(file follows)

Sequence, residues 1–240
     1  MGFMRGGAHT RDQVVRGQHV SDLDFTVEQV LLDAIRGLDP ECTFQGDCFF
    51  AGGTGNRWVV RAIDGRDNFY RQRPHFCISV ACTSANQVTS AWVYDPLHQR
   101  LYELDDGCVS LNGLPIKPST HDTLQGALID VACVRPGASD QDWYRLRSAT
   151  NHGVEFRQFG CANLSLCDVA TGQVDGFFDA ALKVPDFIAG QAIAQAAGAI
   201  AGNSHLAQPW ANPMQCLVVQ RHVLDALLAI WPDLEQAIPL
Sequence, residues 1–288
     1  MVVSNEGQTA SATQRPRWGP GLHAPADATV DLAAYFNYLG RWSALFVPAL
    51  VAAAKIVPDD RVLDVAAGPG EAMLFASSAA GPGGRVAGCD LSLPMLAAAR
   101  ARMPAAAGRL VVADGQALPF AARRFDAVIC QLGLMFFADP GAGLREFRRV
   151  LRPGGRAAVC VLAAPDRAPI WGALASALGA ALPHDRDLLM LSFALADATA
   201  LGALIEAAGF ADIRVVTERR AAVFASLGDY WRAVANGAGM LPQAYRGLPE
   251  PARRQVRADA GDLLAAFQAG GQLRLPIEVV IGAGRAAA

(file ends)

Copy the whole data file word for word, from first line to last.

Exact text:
Sequence, residues 1–240
     1  MGFMRGGAHT RDQVVRGQHV SDLDFTVEQV LLDAIRGLDP ECTFQGDCFF
    51  AGGTGNRWVV RAIDGRDNFY RQRPHFCISV ACTSANQVTS AWVYDPLHQR
   101  LYELDDGCVS LNGLPIKPST HDTLQGALID VACVRPGASD QDWYRLRSAT
   151  NHGVEFRQFG CANLSLCDVA TGQVDGFFDA ALKVPDFIAG QAIAQAAGAI
   201  AGNSHLAQPW ANPMQCLVVQ RHVLDALLAI WPDLEQAIPL
Sequence, residues 1–288
     1  MVVSNEGQTA SATQRPRWGP GLHAPADATV DLAAYFNYLG RWSALFVPAL
    51  VAAAKIVPDD RVLDVAAGPG EAMLFASSAA GPGGRVAGCD LSLPMLAAAR
   101  ARMPAAAGRL VVADGQALPF AARRFDAVIC QLGLMFFADP GAGLREFRRV
   151  LRPGGRAAVC VLAAPDRAPI WGALASALGA ALPHDRDLLM LSFALADATA
   201  LGALIEAAGF ADIRVVTERR AAVFASLGDY WRAVANGAGM LPQAYRGLPE
   251  PARRQVRADA GDLLAAFQAG GQLRLPIEVV IGAGRAAA